DASH bus driver was pushed, punched by passenger, video shows

Two women, one in a reflective vest, grasp arms in a fight outside a green bus.
A woman pulled a DASH bus driver from her seat and the fight spilled onto the sidewalk Sunday. (OnScene.TV)

A female Los Angeles city bus driver was attacked by a woman trying to ride DASH on Sunday — just two days after hundreds of Metro bus drivers staged a sick-out protesting safety concerns.

In a video captured by OnScene.TV, the driver can be heard telling the passenger to get out of the bus as the woman reaches over a protective barrier. The driver swings open the barrier door and shoves her off, before the two spill into the street — near LAPD's Newton Division — on Central Avenue at Jefferson Boulevard.

The scuffle happened around midday, according to Los Angeles police. Video shows the passenger pushing and punching the bus driver, who defends herself — at one point kicking the woman in an apparent attempt to get her to back off.

The encounter did not appear to last for more than a minute, and the driver was treated at the scene, police said. But it underscored the challenges facing bus drivers and transit agencies.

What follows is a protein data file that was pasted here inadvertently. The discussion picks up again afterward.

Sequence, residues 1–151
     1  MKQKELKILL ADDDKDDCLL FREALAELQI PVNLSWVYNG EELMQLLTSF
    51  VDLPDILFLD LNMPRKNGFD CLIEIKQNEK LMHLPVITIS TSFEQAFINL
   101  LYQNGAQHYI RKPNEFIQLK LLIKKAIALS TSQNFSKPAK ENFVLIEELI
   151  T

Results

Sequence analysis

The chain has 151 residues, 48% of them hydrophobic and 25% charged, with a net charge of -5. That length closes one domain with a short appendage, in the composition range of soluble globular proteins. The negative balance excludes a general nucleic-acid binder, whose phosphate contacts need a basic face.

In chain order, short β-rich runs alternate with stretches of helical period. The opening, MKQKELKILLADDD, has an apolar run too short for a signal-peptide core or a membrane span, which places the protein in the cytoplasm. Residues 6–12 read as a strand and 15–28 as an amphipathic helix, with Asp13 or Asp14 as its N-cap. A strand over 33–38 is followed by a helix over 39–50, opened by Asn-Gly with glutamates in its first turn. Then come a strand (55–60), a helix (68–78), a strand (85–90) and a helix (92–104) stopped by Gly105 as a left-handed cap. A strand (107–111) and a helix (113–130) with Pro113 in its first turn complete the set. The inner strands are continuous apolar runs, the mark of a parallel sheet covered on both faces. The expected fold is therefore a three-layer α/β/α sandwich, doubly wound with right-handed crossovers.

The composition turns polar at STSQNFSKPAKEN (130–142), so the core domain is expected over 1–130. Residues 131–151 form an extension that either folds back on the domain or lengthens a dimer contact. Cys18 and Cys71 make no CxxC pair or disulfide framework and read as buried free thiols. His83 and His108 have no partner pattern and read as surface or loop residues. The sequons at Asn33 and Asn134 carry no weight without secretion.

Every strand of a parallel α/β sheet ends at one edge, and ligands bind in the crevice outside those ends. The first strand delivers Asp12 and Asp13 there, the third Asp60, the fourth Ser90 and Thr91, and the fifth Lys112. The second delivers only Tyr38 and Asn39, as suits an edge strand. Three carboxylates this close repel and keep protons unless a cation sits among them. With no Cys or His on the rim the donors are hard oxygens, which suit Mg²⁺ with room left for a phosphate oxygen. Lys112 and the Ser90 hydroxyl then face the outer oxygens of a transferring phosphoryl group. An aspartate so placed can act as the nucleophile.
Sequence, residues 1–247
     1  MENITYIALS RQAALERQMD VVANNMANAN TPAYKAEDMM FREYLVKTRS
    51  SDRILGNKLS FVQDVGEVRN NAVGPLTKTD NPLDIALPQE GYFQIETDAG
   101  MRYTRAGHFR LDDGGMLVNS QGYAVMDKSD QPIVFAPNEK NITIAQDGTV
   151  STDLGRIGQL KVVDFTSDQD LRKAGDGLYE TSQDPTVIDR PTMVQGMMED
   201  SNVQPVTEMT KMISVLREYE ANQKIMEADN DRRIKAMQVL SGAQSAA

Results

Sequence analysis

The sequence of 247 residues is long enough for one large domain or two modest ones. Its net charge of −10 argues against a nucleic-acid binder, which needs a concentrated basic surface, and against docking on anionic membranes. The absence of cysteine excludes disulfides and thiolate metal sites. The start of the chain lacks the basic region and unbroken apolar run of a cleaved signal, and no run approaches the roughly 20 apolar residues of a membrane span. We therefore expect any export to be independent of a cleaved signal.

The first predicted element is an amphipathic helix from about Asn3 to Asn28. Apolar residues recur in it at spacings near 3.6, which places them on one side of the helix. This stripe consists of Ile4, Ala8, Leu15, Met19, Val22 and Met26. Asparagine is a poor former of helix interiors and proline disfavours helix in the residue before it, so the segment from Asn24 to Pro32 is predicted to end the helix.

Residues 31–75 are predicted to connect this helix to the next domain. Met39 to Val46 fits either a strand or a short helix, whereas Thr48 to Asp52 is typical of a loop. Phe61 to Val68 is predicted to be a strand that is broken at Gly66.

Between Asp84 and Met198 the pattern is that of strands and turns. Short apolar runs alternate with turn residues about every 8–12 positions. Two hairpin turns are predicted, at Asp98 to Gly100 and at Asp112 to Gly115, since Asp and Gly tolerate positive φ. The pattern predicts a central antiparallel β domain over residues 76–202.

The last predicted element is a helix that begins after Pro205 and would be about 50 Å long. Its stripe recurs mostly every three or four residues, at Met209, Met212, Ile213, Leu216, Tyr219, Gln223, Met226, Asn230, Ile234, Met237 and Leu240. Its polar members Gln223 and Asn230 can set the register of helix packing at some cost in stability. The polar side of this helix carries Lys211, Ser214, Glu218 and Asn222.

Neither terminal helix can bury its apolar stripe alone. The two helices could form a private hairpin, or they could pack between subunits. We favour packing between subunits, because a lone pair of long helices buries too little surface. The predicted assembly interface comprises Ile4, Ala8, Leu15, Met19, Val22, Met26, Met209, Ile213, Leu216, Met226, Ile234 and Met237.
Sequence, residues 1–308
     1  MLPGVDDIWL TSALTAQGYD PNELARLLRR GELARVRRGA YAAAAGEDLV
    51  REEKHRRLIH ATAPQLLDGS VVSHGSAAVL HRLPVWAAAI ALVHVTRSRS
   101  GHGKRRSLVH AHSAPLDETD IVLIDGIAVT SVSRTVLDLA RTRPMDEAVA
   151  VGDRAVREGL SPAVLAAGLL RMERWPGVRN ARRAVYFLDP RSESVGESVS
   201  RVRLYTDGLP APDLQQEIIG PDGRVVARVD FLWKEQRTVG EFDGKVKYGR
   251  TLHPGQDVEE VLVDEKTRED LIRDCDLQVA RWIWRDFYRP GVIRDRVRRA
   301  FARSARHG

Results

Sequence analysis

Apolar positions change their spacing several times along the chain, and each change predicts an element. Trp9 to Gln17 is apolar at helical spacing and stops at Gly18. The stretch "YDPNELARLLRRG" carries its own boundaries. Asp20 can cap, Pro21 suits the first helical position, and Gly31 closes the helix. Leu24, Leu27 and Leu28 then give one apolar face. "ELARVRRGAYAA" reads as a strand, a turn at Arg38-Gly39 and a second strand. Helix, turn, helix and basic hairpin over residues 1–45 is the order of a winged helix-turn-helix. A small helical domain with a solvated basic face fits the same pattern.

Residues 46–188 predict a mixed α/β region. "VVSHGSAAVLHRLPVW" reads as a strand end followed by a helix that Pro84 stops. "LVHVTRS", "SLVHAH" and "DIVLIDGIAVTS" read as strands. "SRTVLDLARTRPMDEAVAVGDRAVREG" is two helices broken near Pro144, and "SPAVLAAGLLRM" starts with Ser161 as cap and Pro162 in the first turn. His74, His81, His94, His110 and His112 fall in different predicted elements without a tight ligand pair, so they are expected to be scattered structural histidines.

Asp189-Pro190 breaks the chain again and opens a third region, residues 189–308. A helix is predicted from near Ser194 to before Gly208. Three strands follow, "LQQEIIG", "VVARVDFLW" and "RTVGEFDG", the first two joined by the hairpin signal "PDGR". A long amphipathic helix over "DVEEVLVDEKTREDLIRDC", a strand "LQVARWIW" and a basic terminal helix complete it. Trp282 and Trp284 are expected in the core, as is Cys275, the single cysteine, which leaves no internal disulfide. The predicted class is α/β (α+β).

Bus drivers across the county have been dealing with increasing hostility from passengers. Assaults on transit workers have tripled over the last 15 years, according to research from the Urban Institute. Between 2008 and 2022 federal data show the number of assaults resulting in deaths or medical transport rose to 492 from 168 nationwide.

Although Metro drivers have faced several high-profile assaults in recent months, the DASH system, which is operated by the city in 27 communities including downtown Los Angeles, has largely stayed out of the spotlight.

The woman was arrested but not yet booked as of 10:30 p.m. Sunday, according to the Los Angeles Police Department.

Read more: Man accused of killing woman on L.A. subway is linked to earlier violence on Metro train

The DASH bus service feeds into the Metropolitan Transportation Authority's bus and train network, where operators say they are worried about being targets. Earlier this year, a Metro bus driver was hijacked by a person carrying an airsoft gun, then another was stabbed as passengers watched.

The recent fatal stabbing of a security guard returning from her night shift on a Metro subway has spurred the Metro board to consider facial recognition technology and fare gates to help prevent similar attacks.

But unionized Metro train and bus operators have criticized Metro for failing to respond quickly and forcefully enough to violence on the system.

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This story originally appeared in Los Angeles Times.